Hello Angela! Glad you could stop in. :) Yes, blogger has been quite fickle lately. VERy Annoying. Heh. Good girl, reading to your baby so early. I've heard that's supposed to be really good for them. And about Stephen King's book, I know, right??? Best writing book ever.

  22. That's a great list, Anita :) Espcially the Bible and Charlotte's Web.

  23. Hi Caitlin! Thanks. I enjoyed putting it together. I appreciate you stopping by and sharing your faves, too. :)

  24. Love this post! I cry every time I even THINK about Charlotte's Web, and To Kill a Mockingbird left a HUGE impression on me as well. On Writing changed the way I write, and who hasn't been influenced by the genius of Dr. Suess? For me, it was The Lorax... I read that book to all my summer camp kids every single year! :)

  25. One or two of those must be on mine, too! Love this post so hard just for the way it kind of... encapsulates the Becoming a Writer thing for you personally, too.

    And yes, on the Bible. I'm, like, a flaming atheist, and I agree with you completely.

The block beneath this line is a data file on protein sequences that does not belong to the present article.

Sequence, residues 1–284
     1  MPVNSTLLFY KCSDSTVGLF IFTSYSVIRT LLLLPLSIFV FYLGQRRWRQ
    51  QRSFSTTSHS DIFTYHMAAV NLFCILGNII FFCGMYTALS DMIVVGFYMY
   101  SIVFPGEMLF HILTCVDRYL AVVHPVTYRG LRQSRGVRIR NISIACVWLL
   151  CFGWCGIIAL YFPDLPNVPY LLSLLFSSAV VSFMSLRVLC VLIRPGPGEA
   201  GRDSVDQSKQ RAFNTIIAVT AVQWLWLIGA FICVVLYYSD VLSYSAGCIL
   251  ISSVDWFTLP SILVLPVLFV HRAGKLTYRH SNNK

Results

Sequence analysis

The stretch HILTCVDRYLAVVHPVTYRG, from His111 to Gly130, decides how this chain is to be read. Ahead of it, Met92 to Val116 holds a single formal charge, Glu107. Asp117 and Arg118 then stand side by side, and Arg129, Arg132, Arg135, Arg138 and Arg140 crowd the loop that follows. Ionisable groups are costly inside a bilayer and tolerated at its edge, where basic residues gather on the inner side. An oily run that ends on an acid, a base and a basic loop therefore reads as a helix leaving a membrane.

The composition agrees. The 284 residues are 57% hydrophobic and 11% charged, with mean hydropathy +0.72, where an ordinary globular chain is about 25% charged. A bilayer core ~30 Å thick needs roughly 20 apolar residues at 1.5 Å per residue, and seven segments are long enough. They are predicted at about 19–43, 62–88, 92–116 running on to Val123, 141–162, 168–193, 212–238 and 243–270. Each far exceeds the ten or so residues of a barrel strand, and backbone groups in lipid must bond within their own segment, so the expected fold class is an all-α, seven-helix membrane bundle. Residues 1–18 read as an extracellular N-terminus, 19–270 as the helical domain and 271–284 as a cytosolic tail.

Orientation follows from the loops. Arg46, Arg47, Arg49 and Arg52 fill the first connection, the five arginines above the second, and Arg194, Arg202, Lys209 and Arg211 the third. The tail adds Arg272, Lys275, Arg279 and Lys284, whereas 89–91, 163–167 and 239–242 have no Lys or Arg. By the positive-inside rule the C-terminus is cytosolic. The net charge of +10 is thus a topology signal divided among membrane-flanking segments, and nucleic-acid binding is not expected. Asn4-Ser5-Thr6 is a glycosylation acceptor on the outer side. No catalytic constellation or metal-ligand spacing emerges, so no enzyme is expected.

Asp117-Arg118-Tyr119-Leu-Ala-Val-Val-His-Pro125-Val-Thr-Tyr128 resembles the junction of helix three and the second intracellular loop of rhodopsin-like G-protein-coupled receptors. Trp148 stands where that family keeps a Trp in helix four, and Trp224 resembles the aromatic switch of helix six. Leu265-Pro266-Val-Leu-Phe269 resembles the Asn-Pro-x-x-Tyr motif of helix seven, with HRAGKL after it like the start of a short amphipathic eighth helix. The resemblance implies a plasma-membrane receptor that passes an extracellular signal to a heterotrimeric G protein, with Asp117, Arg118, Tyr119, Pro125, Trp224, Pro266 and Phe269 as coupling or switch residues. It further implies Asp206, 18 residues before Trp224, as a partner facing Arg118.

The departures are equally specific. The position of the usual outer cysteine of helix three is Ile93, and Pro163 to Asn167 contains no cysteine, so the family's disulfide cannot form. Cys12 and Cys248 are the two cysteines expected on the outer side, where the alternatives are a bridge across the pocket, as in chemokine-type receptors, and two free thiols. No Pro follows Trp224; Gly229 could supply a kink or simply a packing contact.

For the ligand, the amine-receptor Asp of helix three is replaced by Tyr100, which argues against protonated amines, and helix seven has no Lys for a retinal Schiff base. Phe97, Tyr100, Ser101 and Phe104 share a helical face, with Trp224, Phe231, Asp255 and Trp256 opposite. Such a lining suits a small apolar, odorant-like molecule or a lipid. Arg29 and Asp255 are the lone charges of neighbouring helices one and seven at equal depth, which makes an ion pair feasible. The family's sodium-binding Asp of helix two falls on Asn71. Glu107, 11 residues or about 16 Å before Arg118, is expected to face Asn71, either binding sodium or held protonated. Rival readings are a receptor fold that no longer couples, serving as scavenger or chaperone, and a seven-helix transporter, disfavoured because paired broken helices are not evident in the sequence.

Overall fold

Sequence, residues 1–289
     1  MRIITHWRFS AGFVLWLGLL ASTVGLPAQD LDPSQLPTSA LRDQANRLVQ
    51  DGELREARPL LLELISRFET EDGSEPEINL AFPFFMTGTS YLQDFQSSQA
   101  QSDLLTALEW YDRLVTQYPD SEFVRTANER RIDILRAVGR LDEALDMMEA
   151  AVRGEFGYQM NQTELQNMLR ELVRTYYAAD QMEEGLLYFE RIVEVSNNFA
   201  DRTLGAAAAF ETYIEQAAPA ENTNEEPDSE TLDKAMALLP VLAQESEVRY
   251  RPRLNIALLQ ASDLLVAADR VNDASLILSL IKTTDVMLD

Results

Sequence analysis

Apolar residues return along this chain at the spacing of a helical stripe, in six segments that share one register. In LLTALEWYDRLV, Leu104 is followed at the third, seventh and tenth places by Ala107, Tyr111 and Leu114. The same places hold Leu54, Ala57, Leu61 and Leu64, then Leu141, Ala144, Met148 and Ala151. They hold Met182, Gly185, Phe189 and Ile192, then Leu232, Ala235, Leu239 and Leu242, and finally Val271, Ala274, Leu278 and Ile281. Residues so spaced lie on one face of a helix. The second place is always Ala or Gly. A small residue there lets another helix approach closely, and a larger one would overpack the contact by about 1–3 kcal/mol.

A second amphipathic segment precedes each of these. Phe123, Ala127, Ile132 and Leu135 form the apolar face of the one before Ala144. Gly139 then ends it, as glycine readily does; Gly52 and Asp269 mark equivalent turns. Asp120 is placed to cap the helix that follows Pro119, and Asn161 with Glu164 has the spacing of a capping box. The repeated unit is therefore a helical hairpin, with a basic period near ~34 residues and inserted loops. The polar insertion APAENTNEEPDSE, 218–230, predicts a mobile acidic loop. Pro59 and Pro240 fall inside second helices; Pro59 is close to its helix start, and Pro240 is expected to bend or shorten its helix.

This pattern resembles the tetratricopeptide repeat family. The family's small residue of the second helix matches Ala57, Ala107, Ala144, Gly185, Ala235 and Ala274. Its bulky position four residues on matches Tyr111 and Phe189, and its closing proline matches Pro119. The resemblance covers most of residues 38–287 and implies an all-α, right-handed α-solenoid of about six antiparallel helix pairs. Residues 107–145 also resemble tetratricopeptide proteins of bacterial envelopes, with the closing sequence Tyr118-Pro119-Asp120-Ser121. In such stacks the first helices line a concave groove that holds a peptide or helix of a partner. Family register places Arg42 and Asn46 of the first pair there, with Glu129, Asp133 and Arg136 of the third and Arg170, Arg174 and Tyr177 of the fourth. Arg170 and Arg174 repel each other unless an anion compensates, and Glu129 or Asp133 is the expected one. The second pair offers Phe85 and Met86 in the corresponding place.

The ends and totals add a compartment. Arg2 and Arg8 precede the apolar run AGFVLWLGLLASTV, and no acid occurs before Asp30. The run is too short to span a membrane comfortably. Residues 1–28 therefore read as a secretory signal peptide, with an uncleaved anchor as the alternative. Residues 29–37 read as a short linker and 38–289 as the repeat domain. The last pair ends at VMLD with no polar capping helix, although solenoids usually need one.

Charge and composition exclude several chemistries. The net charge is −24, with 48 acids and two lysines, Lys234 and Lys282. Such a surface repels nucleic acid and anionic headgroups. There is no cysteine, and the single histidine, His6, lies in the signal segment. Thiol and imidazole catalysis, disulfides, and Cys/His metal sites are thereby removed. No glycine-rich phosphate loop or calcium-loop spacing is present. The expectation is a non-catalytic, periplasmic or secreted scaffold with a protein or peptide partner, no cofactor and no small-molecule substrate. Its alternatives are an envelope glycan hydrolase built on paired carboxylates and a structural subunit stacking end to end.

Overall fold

26. Hi Lisa Ann! I know; wasn't E.B. White brilliant? Taking a bug that we kill without thought almost on a daily level and turning it into a "someone" who we loved and respected? That's the magic of characterization done right. And I don't think I ever read The Lorax. I'll have to look it up. :) Thanks for stopping by and sharing!

  27. Hey Katey! Thanks! It's a cool trip down memory lane to remember what stories/books really touched you, you know? :)

  28. Love this list! It's like a writing/reading journey. I don't know that I could narrow it down to seven...maybe seventy?

  29. I really love this entire selection. The bible is a big one that I think is often overlooked or is not talked about as often in terms of influence. Its language is downright breathtaking. It's dark, dramatic, lovely, and everything in between. Thanks for sharing this list! It's always fun to reflect on those works that have influenced you over the years.